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Designing satellite tagging studies: estimating and optimizing data recovery

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Satellite telemetry is used routinely to collect and transmit movement, behaviour and environmental data from free‐ranging animals. Satellite tags (hereafter SATs) are essential for collecting in situ data from animals where manual retrieval of a data logger is impossible. The collected data is fundamental for scientific and many management applications. However, the amount of data a SAT can transmit is limited by its battery life, transmission opportunities, bandwidth and satellite coverage. When designing a SAT study, these factors should be taken into account to ensure that limited transmissions are utilized as effectively as possible. In this paper we present a theoretical discussion of the factors that influence the data transmission and present tools for designing effective SAT studies. We calculate the optimal sampling period for the tag given its expected lifetime and regional variation in satellite coverage. Taking these factors into account allows prediction of the expected number of tags required to meet targets for a deployment. These methods are applied to a case study of a highly migratory pelagic fish tagged with popup archival satellite tags (PSATs). Our findings will be useful for SAT study design in general and demonstrate an approach which can reduce the ad hoc nature of SAT deployments.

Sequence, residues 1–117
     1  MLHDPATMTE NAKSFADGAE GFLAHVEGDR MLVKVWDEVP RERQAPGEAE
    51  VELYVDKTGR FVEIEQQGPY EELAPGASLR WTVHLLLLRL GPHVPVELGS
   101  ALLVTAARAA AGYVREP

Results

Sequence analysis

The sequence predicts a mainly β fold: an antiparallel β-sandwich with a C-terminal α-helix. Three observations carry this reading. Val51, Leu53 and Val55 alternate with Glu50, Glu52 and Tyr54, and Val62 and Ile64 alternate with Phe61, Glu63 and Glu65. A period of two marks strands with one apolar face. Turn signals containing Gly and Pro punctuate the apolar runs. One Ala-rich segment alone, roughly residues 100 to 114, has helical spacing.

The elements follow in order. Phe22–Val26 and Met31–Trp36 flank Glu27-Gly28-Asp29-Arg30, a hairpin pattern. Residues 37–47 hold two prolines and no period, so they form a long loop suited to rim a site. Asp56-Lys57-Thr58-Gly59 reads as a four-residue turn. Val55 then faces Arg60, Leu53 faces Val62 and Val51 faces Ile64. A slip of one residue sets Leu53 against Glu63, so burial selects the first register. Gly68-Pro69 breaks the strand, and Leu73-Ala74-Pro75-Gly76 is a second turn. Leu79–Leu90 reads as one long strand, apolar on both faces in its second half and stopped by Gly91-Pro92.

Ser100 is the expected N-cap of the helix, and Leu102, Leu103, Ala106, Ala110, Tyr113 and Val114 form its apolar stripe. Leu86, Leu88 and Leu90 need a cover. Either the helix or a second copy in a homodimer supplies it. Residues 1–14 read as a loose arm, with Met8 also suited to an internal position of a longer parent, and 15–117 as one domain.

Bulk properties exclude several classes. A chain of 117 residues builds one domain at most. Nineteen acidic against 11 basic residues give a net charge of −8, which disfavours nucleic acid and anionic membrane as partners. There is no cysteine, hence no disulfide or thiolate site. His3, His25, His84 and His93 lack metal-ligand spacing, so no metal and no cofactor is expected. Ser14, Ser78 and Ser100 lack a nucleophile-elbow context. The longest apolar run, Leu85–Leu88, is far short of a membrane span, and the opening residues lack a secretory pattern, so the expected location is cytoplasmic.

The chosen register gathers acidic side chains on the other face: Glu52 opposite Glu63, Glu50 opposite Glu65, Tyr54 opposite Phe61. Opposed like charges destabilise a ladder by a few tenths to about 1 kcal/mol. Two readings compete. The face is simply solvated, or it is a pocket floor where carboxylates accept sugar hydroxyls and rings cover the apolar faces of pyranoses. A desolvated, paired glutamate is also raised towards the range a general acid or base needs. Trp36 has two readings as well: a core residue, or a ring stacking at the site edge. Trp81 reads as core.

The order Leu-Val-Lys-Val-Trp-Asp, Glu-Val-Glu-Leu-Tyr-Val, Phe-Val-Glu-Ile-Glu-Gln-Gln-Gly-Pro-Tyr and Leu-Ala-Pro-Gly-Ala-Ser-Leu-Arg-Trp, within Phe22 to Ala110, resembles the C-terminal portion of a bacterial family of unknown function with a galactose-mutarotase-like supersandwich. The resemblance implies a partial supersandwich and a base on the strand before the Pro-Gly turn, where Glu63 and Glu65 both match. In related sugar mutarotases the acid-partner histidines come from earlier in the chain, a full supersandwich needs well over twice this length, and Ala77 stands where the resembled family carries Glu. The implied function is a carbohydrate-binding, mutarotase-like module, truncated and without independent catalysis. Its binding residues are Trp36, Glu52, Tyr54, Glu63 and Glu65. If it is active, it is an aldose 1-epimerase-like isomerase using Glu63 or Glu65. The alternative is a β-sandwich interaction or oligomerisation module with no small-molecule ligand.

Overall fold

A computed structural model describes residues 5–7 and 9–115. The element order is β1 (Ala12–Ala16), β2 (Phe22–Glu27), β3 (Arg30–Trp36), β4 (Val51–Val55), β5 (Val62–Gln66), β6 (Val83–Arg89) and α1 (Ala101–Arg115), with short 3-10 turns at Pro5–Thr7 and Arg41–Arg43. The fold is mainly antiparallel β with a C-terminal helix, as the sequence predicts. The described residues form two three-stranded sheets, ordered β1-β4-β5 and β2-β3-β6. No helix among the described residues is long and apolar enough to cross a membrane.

Document Type: Research Article


Affiliations: 1: CSIRO Wealth from Oceans Research Flagship and Marine & Atmospheric Research, GPO Box 1538, Hobart, Tasmania 7001, Australia 2: Institute of Marine and Antarctic Studies Nubeena Crescent, Taroona, Tasmania, 7053, Australia

Publication date: 2011-11-01

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